5. 5. Case 3 Neurofibromatosis • Child presents to clinic for evaluation of • There are 3 types of NF increasing numbers of café au lait macules • Type 1 and 2 are autosomal dominant and • Family history suggests that no other occur spontaneously 50% of the time members of the family have multiple • Types 3-8 appear to be partial forms of lesions type 1 and 2 • Child is otherwise well and developmentally normal Neurofibromatosis Neurofibromatosis Type 1 • Type 1 (von Recklinghausen Disease) • Clinical features: • The gene responsible is on chromosome 17 – Café au lait macules (increase in size and number in (17q11.2) and encodes the protein the first 5 years of life) neurofibromin (90%) – Two or more neurofibromas (any type) or 1 or more – Usually appears in young children plexiform neurofibromas • Type 2 is (Acoustic Neuroma Syndrome) – Axillary or inguinal freckling (90%) • The gene responsible is located on the long arm – Bilateral Optic nerve glioma of chromosome 22 (22 q 11-13.1)and encodes the protein merlin – 2 or more Lisch nodules (iris hamartomas) – Usually appears in teens and young adults – Osseous lesions (skeletal dysplasia) – Bilateral vestibular Schwannomas – First degree relative with NF 5
  6. 6. Neurofibromatosis type 1 Diagnosis and Treatment other features • Macrocephaly • Made on clinical criteria • Short stature • AAP has issued a policy statement on NF that may assist in providing care for these children • Scoliosis and offer guidance for health maintenance • Hypertension • Management depends on symptoms but • Learning disabilities children should be referred to genetics and • ADHD ophthalmology, neurology and other specialists as needed for SX • Mental retardation (rare about 5%) • Prognosis is dependant on involvement • Increased risk of malignancy Monitor for…. Case 4 • Pain • Infant presents to clinic with multiple hypopigmented macules and multiple café • Plexiform neurofibromas au lait macules • Changes in visual acuity • Family history is non-contributory • HA • Hypertension • Infant is otherwise healthy and appears normal • Scoliosis • Abnormalities of long bones • Refer as needed 6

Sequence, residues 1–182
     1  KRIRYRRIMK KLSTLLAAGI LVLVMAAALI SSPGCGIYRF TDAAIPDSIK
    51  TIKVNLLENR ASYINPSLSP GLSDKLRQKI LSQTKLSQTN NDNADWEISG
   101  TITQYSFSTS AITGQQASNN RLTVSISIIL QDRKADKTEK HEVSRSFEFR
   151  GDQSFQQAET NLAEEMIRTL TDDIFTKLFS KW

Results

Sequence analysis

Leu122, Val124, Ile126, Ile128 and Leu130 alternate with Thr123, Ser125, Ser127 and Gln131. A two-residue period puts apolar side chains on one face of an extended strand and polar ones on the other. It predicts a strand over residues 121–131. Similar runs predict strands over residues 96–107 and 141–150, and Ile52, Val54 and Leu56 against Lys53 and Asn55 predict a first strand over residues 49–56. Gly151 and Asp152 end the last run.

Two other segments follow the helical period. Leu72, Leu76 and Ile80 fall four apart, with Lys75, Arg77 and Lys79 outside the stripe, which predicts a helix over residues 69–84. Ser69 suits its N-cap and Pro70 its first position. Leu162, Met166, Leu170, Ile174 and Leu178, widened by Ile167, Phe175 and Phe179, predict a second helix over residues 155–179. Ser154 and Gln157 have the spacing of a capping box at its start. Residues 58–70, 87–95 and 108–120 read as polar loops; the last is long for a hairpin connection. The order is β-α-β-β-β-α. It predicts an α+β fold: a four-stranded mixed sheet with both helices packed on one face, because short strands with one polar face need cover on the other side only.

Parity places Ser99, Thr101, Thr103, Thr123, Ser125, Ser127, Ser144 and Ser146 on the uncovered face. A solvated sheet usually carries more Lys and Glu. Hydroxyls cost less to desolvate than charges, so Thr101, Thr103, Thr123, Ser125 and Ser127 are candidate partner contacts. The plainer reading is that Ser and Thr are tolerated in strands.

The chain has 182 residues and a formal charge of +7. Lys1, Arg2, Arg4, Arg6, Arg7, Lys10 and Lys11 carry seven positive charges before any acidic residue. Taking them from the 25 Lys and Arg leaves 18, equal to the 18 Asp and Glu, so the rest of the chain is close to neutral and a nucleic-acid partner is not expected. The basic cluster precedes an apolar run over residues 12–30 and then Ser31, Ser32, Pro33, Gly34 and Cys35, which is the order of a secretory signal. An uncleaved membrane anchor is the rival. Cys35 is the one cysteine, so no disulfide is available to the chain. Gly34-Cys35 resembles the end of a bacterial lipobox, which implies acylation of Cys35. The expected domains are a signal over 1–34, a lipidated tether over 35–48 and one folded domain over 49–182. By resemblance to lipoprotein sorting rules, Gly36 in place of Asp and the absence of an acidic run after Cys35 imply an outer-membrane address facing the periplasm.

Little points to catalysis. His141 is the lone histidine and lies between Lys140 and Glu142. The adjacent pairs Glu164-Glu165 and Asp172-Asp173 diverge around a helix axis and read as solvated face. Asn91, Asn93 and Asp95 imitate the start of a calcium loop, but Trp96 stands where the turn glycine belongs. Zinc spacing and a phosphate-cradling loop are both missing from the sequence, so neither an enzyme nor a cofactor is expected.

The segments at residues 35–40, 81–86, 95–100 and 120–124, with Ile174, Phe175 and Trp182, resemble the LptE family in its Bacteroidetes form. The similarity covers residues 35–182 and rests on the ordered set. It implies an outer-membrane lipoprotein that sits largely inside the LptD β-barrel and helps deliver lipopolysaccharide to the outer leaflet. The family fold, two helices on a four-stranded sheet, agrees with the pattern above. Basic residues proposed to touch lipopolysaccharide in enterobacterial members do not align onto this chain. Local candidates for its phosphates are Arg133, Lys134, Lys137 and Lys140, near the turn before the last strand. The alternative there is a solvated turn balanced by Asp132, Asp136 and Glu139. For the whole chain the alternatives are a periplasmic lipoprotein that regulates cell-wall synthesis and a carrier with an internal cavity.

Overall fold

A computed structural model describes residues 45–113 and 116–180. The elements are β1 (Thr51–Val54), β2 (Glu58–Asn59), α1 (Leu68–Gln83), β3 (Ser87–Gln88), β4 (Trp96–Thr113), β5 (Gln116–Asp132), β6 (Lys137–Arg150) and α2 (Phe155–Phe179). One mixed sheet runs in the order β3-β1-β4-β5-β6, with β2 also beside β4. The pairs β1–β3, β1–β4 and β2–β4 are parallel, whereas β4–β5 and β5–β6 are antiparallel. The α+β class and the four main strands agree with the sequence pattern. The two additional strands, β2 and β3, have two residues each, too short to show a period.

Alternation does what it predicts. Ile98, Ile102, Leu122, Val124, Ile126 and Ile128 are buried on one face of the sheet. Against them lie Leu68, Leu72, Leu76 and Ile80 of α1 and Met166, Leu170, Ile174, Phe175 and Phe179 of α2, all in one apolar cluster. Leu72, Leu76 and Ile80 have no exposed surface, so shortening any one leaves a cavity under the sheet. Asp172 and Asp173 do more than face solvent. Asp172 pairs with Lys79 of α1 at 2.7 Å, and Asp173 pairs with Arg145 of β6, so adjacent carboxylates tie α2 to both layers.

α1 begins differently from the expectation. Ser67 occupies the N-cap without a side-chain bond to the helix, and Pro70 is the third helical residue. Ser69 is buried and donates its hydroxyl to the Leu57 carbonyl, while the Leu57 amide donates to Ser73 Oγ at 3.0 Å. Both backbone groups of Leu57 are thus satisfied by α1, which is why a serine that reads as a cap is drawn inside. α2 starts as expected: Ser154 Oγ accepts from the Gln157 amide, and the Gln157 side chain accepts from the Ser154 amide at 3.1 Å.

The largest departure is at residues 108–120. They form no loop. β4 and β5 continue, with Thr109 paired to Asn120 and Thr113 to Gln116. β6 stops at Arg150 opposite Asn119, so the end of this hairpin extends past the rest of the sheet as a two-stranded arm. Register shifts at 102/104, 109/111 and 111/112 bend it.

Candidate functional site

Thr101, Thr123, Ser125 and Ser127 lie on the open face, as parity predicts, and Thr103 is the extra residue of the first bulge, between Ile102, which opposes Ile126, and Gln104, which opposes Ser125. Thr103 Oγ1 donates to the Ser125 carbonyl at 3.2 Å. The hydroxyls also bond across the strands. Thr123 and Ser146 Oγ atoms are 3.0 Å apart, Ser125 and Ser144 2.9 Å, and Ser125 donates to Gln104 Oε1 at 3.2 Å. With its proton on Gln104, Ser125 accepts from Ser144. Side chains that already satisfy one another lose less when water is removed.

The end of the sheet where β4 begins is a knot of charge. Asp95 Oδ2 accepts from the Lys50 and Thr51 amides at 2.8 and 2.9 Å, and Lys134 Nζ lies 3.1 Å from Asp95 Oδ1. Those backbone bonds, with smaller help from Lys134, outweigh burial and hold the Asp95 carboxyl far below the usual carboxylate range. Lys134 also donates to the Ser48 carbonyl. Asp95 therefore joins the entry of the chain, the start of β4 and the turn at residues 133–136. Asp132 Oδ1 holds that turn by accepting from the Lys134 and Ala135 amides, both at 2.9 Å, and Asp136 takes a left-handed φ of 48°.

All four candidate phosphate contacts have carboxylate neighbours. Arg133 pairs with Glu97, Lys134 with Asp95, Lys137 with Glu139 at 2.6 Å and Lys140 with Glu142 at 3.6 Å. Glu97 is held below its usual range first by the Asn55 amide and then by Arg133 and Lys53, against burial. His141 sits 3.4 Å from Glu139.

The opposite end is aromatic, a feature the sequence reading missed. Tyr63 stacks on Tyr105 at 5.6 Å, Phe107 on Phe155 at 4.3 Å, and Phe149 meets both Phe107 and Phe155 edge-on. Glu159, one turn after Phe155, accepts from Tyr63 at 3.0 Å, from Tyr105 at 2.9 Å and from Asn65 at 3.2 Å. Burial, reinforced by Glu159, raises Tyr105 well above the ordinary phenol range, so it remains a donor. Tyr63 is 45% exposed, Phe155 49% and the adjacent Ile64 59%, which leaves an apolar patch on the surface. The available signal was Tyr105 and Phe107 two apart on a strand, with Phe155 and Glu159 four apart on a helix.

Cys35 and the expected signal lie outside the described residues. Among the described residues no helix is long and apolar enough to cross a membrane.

7. 7. Tuberous Sclerosis Complex Manifestations (Bourneville’s Syndrome) • Neurocutaneous syndrome • Hypomelanotic macules appear usually • Mutations on 2 genes early in life (ash leaf macule) – TSC1 on chromosome 9 (9q34) • Facial angiofibromas usually in nasolabial – TSC2 on chromosome 16 (16pl3) • Transmitted as an autosomal dominant trait, folds, cheeks or chin may be a spontaneous mutation and parent may • Shagreen patch be asymptomatic • May be diagnosed prenatally if the mutation is • Fibrous facial plaques known • Periungual fibromas • May also note rhabdomyoma if fetal echo is performed • Café au lait macules Other manifestations Diagnosis and Treatment • Requires the presence of 1 major and 2 minor • Neurological component features • Eyes (retinal hamartomas) • Treat symptomatically (ie. Sz) • Kidney • Genetic counseling • Includes multiple specialties • Cardiac (rhabdomyoma) – Neurology (MRI), neurodevelopmental testing • Oral – Opthalmology • Musculoskeletal – Cardiology (EKG, ECHO) – Renal U/S • lungs – Pulmonology if symptomatic 7